For the first time in its 70 year history, UNICEF is set to distribute food throughout the UK. The organisation has joined forces with a group called Sustain, and is providing funds to 30 community projects across the country. Up to 15,000 young people are set to benefit from the plan, which will last until April 2021.
Over the Christmas holidays and February half term, more than 13,000 South London children will be granted breakfast meals from the program. Organic food delivery firm Abel & Cole has also agreed to include £4,500 worth of fruit and vegetables within the students’ packages. Donna Cadman has described the act as a “godsend.” The mother-of-three’s husband died of motor neurone disease last year, and she recalls the challenges that followed: “It was hard, I was going without food, just skipping meals and going with a sandwich or maybe a tin of food, and giving all I had to the children and going without as long as I could.”
According to Anna Kettley, Director of Programmes at UNICEF UK, “the coronavirus pandemic is the most urgent crisis affecting children since the Second World War and it is ending childrens’ lives everywhere, including right here at home.” She explains that, even prior to the outbreak of COVID-19, 2.4 million children were suffering from food insecurity. Since the pandemic and consequent lockdown, 32% of UK households have reported a drop in income.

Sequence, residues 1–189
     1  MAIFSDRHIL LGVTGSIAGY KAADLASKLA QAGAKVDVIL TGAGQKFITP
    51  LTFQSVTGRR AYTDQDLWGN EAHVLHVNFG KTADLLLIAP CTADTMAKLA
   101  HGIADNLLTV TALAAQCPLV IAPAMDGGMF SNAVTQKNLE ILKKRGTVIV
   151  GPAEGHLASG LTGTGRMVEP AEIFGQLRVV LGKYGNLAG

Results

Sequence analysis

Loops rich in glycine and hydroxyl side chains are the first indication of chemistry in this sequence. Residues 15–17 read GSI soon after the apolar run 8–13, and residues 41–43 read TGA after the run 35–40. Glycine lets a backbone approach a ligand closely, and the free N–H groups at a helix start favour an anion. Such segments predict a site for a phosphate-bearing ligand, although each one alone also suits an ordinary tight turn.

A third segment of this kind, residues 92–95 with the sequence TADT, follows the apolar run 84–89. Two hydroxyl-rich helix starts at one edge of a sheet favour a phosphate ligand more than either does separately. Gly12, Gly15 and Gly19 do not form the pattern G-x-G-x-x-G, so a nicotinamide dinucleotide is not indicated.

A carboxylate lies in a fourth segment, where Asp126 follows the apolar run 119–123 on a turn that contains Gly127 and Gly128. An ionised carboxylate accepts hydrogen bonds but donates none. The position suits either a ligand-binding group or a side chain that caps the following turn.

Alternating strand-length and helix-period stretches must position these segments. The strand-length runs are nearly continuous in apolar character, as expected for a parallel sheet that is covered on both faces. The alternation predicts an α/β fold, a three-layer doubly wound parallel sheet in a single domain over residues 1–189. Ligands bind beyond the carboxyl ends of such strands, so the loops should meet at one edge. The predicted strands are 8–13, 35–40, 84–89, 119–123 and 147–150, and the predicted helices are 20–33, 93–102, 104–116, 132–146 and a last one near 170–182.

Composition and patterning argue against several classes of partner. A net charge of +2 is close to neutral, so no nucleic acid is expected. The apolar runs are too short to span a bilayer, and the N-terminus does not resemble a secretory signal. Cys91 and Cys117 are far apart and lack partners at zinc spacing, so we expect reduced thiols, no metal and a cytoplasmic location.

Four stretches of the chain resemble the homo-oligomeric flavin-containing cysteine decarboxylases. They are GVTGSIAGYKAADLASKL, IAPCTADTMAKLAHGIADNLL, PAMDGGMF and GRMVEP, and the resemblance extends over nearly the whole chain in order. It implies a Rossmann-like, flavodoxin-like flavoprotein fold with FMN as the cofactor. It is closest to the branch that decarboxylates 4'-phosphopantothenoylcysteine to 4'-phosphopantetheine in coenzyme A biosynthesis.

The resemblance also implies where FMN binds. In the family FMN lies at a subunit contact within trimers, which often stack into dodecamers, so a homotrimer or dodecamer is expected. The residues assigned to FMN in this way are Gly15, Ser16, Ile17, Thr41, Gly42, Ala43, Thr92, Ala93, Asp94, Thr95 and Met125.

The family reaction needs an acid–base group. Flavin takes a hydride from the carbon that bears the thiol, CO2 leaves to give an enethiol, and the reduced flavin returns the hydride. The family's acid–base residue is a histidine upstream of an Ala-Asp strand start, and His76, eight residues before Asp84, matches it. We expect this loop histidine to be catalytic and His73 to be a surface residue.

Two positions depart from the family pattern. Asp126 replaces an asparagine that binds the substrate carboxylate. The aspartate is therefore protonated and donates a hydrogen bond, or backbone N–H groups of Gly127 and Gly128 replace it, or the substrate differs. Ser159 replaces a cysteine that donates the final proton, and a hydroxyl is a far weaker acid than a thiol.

Jacob Rees-Mogg, leader of the House of Commons, has expressed his disapproval at the project. He believes UNICEF “should be ashamed of itself,” and elaborated: “I think it is a real scandal that UNICEF should be playing politics in this way when it is meant to be looking after people in the poorest, the most deprived, countries of the world where people are starving, where there are famines and where there are civil wars.” He proceeded to describe the financial aid as a “cheap political point,” and “a political stunt of the lowest order.”
Angela Rayner, deputy leader of the Labour party, believes it is a “disgrace” that UNICEF should have to offer aid. She explains, “We are one of the richest countries in the world. Our children should not have to rely on humanitarian charities that are used to operating in war zones and in response to natural disasters.” Labour MP Richard Burgon echoed this sentiment, and accused the current Conservative government of making a political choice by enabling poverty.
Downing Street did not endorse Rees-Mogg’s response, as a spokesperson clarified: “We are committed to supporting the lowest-paid families through the pandemic and beyond. That’s why we have raised the living wage, boosted welfare support by billions of pounds and introduced the £170m Covid winter grant scheme to help children and families stay warm and well-fed during the coldest months.”